Federal prosecutors have intensified their criminal investigation of the cyclist Lance Armstrong since the end of the Tour de France last month. They questioned many of his former associates, including cyclists who have supported and detailed claims that Armstrong and his former United States Postal Service team participated in systematic doping, according to a cyclist who has been interviewed and two others privy to the inquiry.
In May, Armstrong’s former teammate Floyd Landis shook the cycling world by publicly accusing Armstrong and other team members of using performance-enhancing drugs and blood transfusions to gain an unfair advantage. Landis said that Armstrong — the biggest name in the sport — had encouraged doping and that the team had sold its bikes to help finance an expensive doping program.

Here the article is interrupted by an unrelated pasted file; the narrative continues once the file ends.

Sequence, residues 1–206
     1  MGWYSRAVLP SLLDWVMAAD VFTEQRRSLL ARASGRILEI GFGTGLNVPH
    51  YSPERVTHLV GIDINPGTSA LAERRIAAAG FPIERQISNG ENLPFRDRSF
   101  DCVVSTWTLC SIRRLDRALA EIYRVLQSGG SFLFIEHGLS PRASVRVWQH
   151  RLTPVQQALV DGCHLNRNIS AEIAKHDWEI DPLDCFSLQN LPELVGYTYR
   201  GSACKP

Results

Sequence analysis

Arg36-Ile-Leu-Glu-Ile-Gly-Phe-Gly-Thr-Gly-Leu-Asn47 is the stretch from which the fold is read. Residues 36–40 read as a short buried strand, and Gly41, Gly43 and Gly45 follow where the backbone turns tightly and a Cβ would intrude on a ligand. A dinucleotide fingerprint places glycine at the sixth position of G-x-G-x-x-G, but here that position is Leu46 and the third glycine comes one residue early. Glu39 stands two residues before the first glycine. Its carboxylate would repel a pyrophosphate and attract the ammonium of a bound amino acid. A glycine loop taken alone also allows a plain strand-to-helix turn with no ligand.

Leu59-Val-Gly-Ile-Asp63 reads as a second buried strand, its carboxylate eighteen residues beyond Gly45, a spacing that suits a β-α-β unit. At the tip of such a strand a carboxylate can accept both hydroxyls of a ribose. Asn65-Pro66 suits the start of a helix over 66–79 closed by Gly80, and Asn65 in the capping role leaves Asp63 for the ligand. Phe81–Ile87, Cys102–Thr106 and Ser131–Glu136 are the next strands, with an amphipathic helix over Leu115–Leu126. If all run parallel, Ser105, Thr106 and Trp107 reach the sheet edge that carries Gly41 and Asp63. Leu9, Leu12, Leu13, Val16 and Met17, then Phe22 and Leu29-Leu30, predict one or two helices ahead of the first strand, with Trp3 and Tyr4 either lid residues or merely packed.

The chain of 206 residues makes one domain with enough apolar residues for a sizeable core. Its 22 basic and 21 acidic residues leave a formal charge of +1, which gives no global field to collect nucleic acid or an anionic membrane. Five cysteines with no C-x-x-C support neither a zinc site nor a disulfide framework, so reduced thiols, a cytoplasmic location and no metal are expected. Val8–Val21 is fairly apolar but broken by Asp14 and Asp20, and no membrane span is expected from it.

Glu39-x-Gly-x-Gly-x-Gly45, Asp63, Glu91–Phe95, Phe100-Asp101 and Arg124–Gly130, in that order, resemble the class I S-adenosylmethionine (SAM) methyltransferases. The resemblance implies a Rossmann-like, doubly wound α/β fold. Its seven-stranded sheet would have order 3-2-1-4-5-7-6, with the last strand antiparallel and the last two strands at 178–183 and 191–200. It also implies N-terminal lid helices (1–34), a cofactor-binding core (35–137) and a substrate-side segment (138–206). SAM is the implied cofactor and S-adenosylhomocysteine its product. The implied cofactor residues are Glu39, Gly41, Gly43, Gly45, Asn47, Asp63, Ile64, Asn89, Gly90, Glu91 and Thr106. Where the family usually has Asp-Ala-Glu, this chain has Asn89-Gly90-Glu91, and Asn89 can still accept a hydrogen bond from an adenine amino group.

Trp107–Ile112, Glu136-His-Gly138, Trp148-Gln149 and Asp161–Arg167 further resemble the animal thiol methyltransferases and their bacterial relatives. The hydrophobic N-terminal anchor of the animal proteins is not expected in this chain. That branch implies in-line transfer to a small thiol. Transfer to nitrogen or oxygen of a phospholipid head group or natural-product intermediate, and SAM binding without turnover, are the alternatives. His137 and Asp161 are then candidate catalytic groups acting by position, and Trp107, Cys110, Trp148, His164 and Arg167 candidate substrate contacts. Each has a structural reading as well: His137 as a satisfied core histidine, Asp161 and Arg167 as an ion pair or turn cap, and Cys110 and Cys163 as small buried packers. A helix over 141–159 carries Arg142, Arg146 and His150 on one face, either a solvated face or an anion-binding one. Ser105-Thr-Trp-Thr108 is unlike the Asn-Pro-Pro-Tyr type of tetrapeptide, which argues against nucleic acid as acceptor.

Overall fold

Armstrong has denied any wrongdoing and has said that Landis, who was stripped of his 2006 Tour title for doping and received a two-year ban from the sport, has no credibility.
But now, prosecutors and investigators have more than Landis’s account to go on, according to the two people with knowledge of the investigation. They spoke on condition of anonymity because they did not want to jeopardize their access to sensitive information.